Is Opera 10.5 the ‘Fastest Browser on Earth?’ Maybe.
Opera 10.5 beta on the desktop.
Opera has released the first beta for Opera 10.5, boasting that it’s “the fastest browser on Earth.” We took a copy for a spin and found that it is indeed snappy, besting Safari 4 and Firefox 3.6 in our informal testing.
At the moment the Opera 10.5 beta is available for Windows only; the Mac and Linux versions of Opera 10.5 remain alpha releases, though Opera assures Webmonkey that beta releases for both are in the works.
Part of the reason of the delay on other platforms may be Opera 10.5′s focus on tightly integrating with Windows 7. As we mentioned in our review of the first alpha, Opera 10.5 beta takes advantage of all the Aero Glass effects in Windows 7 and integrates nicely with Aero Peek, Jump Lists and other Win 7-specific features.
Opera 10.5′s new “Opera menu” saves screen real estate.
Opera 10.5 also looks significantly different, having eliminated the menu bar in favor a new “Opera menu,” which looks and behaves much like the single button menus found in Microsoft Office. The Opera menu is unobtrusive, hanging down like an inverted tab on the far left of your window, and saves considerable screen real estate, making it very nice for netbooks. If it’s not to your liking you can turn the old menu back on by clicking “show menu bar.”
Aside from the revamped look of Opera 10.5 the big news in the beta release is speed. Opera is calling the beta “the faster browser on Earth,” a bold claim, but one that, at least partially, lives up the hype.
In our informal testing Opera recorded the fastest start up times of any browser in Windows 7, besting even Chrome by just a hair. When it comes to page rendering times the new Carakan rendering engine and the new Vega graphics engine in Opera 10.5 clearly speed things up, but as for the fastest browser on Earth, well, it’s hard to say.
Certainly Opera 10.5 is significantly faster than the current, official version of Opera, and can hold its own with any other browser out there. Opera 10.5 consistently beat Safari’s page rendering times, but against Firefox and Chrome the results were a bit more of a mixed bag — sometimes Opera came out on top, other times not.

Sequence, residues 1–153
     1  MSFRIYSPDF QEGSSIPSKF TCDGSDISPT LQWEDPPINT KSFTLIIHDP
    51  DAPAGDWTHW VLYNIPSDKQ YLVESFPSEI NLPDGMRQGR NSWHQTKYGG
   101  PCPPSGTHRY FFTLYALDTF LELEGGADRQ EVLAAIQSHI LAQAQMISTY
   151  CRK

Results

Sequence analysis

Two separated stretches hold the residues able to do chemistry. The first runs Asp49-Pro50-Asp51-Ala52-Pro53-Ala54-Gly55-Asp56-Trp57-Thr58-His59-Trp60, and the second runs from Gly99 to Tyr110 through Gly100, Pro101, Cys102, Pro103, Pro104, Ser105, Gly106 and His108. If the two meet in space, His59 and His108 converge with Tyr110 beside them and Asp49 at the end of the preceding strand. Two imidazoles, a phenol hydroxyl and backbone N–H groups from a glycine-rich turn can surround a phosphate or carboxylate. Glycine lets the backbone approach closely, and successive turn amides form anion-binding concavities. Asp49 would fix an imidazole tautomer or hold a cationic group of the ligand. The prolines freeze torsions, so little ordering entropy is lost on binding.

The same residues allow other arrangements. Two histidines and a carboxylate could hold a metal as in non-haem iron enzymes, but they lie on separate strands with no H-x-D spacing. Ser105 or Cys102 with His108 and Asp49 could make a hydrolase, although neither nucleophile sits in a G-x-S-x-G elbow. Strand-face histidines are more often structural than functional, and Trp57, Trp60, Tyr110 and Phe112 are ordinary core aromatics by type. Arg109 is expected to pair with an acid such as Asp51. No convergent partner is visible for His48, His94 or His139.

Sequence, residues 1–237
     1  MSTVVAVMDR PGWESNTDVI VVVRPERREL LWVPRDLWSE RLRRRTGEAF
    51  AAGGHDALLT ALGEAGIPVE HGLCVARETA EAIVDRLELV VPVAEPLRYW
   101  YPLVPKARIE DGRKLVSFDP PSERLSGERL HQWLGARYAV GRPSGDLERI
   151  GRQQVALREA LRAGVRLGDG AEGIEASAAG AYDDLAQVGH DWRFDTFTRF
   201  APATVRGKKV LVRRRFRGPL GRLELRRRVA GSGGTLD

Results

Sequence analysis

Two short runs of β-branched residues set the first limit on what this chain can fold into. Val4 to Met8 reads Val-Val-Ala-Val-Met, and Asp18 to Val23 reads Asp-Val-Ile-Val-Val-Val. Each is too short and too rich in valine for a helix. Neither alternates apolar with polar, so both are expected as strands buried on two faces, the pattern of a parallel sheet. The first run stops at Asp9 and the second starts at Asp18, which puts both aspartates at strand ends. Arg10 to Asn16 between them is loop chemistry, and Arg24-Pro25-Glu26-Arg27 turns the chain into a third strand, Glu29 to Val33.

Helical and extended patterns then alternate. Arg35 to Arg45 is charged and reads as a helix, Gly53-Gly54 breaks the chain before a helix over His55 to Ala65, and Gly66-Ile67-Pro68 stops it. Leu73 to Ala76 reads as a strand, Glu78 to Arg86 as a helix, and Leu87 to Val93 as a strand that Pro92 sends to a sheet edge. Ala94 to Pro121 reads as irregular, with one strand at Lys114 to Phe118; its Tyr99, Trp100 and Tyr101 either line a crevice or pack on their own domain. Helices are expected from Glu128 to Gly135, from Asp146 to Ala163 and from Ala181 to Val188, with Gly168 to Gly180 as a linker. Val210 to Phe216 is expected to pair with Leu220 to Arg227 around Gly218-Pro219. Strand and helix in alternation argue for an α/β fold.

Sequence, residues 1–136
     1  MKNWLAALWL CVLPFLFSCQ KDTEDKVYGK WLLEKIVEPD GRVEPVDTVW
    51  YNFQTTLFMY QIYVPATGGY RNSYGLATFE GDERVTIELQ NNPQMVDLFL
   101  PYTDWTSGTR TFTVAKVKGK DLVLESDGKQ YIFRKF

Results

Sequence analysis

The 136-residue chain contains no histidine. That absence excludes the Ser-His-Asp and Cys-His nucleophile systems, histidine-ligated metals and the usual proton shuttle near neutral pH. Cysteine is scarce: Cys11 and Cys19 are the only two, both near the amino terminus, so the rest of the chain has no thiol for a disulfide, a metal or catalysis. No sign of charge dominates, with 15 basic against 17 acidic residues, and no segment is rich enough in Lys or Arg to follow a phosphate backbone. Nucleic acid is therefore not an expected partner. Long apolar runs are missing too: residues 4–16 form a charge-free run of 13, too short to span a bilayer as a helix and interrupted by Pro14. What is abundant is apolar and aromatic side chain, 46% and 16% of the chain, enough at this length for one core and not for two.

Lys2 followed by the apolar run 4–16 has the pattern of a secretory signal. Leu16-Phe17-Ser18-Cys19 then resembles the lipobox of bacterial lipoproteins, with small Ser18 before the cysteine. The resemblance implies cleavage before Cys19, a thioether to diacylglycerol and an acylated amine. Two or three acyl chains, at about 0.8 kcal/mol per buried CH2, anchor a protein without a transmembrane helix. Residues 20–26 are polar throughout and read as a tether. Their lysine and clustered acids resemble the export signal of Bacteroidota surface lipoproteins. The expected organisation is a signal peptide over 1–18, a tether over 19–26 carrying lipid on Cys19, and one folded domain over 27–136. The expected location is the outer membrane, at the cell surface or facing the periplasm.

However, at this point all four browsers are so close in terms of speed that the real differentiating factor is the feature set. And it’s here that Opera really shines with nice Windows 7 features as well as plenty of extras, including everything from a BitTorrent client to Opera’s Unite web server tools (not part of the beta release, but no doubt set to arrive before Opera 10.5 is finished).
Opera 10.5 beta also has some small, but very useful new features like the new URL bar search field. Part of Opera’s new URL search features are lifted from Firefox’s Awesomebar — allowing you to search your history and bookmarks as you type — but Opera goes a little beyond Firefox by allowing your to search actual content on the pages you’ve visited, and integrates your search engine plugins (which leaves us wondering why there’s still a separate search box).
Opera 10.5 also sees the browser continuing its pioneering support for web standards with more HTML5 support (including the video tag using the Ogg Theora codec) and CSS 3 (transitions and transforms are now supported).
Last but not least, Opera catches up to other browsers by adding a private browsing mode.
Although this release is still a beta, we found it to be plenty stable in our testing and the speed boost definitely makes it worth a download if you’re an Opera fan (and using Windows). Mac and Linux users will have to wait, but we’ll be sure to let you know when those versions are available.